Associations between mass media exposure and birth preparedness among women in southwestern Uganda: a community-based survey.

Gustav Asp, Karen Odberg Pettersson, Jacob Sandberg, Jerome Kabakyenga, Anette Agardh

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Background : Exposure to mass media provides increased awareness and knowledge, as well as changes in attitudes, social norms and behaviors that may lead to positive public health outcomes. Birth preparedness (i.e. the preparations for childbirth made by pregnant women, their families, and communities) increases the use of skilled birth attendants (SBAs) and hence reduces maternal morbidity and mortality. Objective : The aim of this study was to explore the association between media exposure and birth preparedness in rural Uganda. Method : A total of 765 recently delivered women from 120 villages in the Mbarara District of southwest Uganda were selected for a community-based survey using two-stage cluster sampling. Univariate and multivariate logistic regression was performed with generalized linear mixed models using SPSS 21. Results : We found that 88.6% of the women surveyed listened to the radio and 33.9% read newspapers. Birth preparedness actions included were money saved (87.8%), identified SBA (64.3%), identified transport (60.1%), and purchased childbirth materials (20.7%). Women who had taken three or more actions were coded as well birth prepared (53.9%). Women who read newspapers were more likely to be birth prepared (adjusted OR 2.2, 95% CI 1.5-3.2). High media exposure, i.e. regular exposure to radio, newspaper, or television, showed no significant association with birth preparedness (adjusted OR 1.3, 95% CI 0.9-2.0). Conclusion : Our results indicate that increased reading of newspapers can enhance birth preparedness and skilled birth attendance. Apart from general literacy skills, this requires newspapers to be accessible in terms of language, dissemination, and cost.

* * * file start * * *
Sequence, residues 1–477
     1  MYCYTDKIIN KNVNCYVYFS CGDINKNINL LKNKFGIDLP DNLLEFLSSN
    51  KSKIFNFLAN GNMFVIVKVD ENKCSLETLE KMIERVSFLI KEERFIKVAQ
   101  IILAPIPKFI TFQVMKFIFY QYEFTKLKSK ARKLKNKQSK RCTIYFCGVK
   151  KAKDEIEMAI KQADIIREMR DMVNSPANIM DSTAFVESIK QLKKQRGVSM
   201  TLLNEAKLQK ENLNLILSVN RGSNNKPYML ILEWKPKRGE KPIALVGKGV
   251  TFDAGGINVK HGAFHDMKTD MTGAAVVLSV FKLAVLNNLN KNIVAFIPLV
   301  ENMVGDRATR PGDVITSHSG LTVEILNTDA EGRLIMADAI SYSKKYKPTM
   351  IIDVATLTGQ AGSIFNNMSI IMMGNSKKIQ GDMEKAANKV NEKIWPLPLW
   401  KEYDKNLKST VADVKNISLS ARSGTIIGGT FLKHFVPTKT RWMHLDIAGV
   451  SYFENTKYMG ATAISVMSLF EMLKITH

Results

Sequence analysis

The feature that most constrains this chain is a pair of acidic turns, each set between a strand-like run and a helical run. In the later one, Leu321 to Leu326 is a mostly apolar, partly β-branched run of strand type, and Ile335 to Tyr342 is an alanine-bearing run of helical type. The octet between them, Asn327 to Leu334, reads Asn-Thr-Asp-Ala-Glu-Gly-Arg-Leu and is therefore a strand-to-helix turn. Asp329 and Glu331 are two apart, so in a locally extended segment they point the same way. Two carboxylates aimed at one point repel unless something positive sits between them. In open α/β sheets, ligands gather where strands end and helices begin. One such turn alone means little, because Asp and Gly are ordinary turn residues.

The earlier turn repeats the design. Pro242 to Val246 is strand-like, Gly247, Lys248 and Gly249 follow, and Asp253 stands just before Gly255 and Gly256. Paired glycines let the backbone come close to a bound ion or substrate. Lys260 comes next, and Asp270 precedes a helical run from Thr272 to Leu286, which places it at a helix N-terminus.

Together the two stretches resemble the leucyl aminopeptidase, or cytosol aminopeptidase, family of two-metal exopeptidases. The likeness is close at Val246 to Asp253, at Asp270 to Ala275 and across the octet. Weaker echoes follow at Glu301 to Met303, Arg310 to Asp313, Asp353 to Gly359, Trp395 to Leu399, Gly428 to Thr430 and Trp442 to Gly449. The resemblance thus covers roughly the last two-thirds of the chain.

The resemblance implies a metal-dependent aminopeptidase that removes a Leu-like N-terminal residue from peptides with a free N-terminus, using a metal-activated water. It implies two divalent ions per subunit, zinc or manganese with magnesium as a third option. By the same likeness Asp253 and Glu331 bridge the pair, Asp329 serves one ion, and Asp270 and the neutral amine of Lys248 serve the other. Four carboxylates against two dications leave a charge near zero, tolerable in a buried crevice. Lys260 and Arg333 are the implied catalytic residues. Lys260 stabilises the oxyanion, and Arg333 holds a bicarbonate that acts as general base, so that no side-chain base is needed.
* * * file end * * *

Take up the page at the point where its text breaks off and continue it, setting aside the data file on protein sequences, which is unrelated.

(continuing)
Original languageEnglish
Article number22904
Pages (from-to)1-9
JournalGlobal Health Action
Issue number1
Publication statusPublished - 2014

Subject classification (UKÄ)

  • Public Health, Global Health, Social Medicine and Epidemiology


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